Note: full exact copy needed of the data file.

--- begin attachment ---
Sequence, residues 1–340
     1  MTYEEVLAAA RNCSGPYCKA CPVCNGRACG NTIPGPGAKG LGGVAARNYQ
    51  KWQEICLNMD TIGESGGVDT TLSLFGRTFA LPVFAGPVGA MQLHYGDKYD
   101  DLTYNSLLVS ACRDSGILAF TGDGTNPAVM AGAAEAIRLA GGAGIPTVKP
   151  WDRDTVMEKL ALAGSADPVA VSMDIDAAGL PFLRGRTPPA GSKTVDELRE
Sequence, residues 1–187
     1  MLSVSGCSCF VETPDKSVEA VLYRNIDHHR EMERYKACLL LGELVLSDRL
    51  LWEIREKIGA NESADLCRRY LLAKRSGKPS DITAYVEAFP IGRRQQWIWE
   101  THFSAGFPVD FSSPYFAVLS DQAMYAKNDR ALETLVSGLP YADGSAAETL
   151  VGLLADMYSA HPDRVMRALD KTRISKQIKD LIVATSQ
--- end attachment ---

Sequence, residues 1–340
     1  MTYEEVLAAA RNCSGPYCKA CPVCNGRACG NTIPGPGAKG LGGVAARNYQ
    51  KWQEICLNMD TIGESGGVDT TLSLFGRTFA LPVFAGPVGA MQLHYGDKYD
   101  DLTYNSLLVS ACRDSGILAF TGDGTNPAVM AGAAEAIRLA GGAGIPTVKP
   151  WDRDTVMEKL ALAGSADPVA VSMDIDAAGL PFLRGRTPPA GSKTVDELRE
Sequence, residues 1–187
     1  MLSVSGCSCF VETPDKSVEA VLYRNIDHHR EMERYKACLL LGELVLSDRL
    51  LWEIREKIGA NESADLCRRY LLAKRSGKPS DITAYVEAFP IGRRQQWIWE
   101  THFSAGFPVD FSSPYFAVLS DQAMYAKNDR ALETLVSGLP YADGSAAETL
   151  VGLLADMYSA HPDRVMRALD KTRISKQIKD LIVATSQ